Stocks surged Monday, pushing the Dow back above the 9,000 level, as investors welcomed talk of a second US economic stimulus plan and credit markets continued to thaw.

The Dow added 413 points, or 4.7%, the Standard & Poor’s 500 Index jumped 4.8% and Nasdaq rose 3.4% as several leading tech stocks reported poorer than expected quarterly figures.

Happy days. Instead of fearing that the world was going to end (and being ably assisted by some breathless reporting and analysis), the US market now seems to be trying to shrug off the impact of the recession.

The weekly edition of the Barron’s financial paper (from the Wall Street Journal stable) had a cover last weekend suggesting that the sunnier outlook was justified with the paper claiming the recession might not be as bad as it seems.

Fancy basing a shallower recession on a boost to consumer spending from lower oil prices, inventory rebuilding and stronger exports. The world economy is slowing, US export growth is easing, consumer credit and consumer spending is down, despite lower oil prices, and unemployment is rising. Consumers do not spend more when unemployment rises and of course credit is much tougher to get in the US. It was a cover story long on conjecture and short on reality. American analysts have missed the downturn in consumer spending, credit and retail sales for the past three months.

What investors really liked was the easing credit markets (relative to what they were last week and the week before, of course) and signs of another spend, spend, spend package from the US Government, probably aimed at the first quarter of 2009.

In Europe, the Stoxx 600 Index had its best day since March 2007, rising 3.6% as all 18 major western European share markets rose. London’s FTSE 100 in London jumping 5.4%. Asian markets rose yesterday with the the Nikkei in Tokyo up 3.6% and the Hang Seng in Hong Kong 5.3%. Australia rallied 4.3% and South Korean shares bounced off a three-year low after the government announced a $US130 billion package of loan guarantees and capital injections.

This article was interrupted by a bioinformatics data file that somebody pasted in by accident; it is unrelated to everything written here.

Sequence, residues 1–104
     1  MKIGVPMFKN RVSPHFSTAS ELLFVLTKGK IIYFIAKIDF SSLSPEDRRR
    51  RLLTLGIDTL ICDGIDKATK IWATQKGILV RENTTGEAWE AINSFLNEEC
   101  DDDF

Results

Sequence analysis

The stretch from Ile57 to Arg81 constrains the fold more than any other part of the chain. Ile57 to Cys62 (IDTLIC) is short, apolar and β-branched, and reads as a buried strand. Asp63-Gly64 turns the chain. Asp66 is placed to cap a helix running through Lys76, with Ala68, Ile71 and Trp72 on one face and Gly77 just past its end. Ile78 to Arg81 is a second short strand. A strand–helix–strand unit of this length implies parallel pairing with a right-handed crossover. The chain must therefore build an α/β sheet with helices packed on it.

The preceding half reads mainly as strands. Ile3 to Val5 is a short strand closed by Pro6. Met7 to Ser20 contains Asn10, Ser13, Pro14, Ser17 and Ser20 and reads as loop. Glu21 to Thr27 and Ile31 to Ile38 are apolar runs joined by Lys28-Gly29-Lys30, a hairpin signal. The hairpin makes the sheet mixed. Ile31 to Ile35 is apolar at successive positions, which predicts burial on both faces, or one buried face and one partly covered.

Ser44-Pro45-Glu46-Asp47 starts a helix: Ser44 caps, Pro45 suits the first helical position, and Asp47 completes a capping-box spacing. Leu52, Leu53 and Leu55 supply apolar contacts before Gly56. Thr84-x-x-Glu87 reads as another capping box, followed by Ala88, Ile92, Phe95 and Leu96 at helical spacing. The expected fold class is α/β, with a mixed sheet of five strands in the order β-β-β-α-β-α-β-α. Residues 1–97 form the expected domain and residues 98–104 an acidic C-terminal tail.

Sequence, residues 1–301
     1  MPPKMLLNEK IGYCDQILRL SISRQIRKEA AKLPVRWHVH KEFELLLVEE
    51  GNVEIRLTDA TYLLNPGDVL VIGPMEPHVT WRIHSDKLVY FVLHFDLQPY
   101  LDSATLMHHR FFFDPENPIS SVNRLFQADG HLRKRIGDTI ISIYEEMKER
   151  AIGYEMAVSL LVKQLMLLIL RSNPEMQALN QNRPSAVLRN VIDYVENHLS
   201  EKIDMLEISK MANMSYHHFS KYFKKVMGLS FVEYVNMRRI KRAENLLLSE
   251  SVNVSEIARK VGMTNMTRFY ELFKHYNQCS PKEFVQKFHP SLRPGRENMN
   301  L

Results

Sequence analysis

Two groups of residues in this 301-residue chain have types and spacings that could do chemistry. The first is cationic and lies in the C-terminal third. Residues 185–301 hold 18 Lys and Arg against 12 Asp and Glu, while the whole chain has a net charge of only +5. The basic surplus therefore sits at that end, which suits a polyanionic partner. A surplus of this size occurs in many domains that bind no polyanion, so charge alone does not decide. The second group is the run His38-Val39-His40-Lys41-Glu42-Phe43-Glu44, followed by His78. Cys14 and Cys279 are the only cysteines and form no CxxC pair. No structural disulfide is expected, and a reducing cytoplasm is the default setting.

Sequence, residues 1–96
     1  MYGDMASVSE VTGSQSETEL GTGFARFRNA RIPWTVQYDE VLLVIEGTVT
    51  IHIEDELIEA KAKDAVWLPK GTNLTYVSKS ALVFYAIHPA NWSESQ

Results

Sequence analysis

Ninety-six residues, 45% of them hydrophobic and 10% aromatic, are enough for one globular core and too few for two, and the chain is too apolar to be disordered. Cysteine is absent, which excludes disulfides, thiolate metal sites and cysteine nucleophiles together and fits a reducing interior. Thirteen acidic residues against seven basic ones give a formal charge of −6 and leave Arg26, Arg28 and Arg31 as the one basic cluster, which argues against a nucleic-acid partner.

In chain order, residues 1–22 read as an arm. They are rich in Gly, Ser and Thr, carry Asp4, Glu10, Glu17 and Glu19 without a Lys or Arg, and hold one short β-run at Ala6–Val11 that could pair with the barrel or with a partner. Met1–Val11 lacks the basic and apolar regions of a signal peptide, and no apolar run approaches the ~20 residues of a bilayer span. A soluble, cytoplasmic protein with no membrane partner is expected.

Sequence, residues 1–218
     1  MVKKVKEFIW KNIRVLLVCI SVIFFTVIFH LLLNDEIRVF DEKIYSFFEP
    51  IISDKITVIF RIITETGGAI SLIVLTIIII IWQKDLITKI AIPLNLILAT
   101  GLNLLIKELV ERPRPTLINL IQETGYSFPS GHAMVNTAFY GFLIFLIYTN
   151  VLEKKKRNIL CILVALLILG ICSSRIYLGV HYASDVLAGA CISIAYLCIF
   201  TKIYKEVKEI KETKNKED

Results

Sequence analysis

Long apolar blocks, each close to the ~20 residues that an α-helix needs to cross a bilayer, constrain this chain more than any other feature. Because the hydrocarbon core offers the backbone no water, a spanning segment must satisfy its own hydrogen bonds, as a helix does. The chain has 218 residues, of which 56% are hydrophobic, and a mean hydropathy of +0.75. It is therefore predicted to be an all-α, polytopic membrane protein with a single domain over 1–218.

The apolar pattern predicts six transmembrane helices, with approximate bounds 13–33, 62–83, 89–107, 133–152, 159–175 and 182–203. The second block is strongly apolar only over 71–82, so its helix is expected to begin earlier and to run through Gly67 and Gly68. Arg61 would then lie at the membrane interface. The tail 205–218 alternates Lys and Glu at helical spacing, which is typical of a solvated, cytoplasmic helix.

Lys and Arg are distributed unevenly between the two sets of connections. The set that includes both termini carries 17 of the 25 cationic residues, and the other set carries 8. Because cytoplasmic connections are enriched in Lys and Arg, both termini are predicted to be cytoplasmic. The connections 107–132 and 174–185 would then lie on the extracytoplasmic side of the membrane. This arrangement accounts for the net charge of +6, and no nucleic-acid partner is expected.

Money markets saw a significant easing of the squeeze on lending with the key the three-month dollar Libor (London Interbank Offered rate) falling 0.36% to 4.06% per cent, the biggest drop since January. Another key indicator rate, the the overnight US dollar rate fell 0.16% to 1.51% – just above the Federal Reserve’s Fed funds rate of 1.5% and a sure banks are becoming more interesting in lending and not keeping their money on deposit at central banks in the US and Europe.

That was shown in the contraction in the so-called three-month dollar Libor over Overnight Index Swap rates – a key gauge of banks’ willingness to lend to each other. They narrowed sharply to less than 3%.

In the US the yield on the three-month Treasury bill overnight rose to 1.112%. against 0.82% late Friday. That’s better than the 0.20% and first time it topped 1% in more than a week.

All this confirms the easing, although fear remains.

Wall Street also rose after Fed chairman, Ben Bernanke gave support for another Government stimulation effort for the economy. He said before a House of Reps Committee: “with the economy likely to be weak for several quarters and with some risk of a protracted slowdown, consideration of a fiscal package by the Congress at this juncture seems appropriate.”

So happy days? Perhaps.

Tech majors Sun Microsystems and Texas Instruments both reported lower than expected profit figures for the quarter and the shares fell Oracle, another tech biggie, is buying back its shares in a capital management program that will cost $US8 billion.

All that cash to support a share price that has ‘only’ dropped 20% this year and spending cash at a time when it is in short supply. Google’s CEO admitted yesterday that the giant is being “cautious” with its spending as advertisers cut their budgets.

Peter Fray

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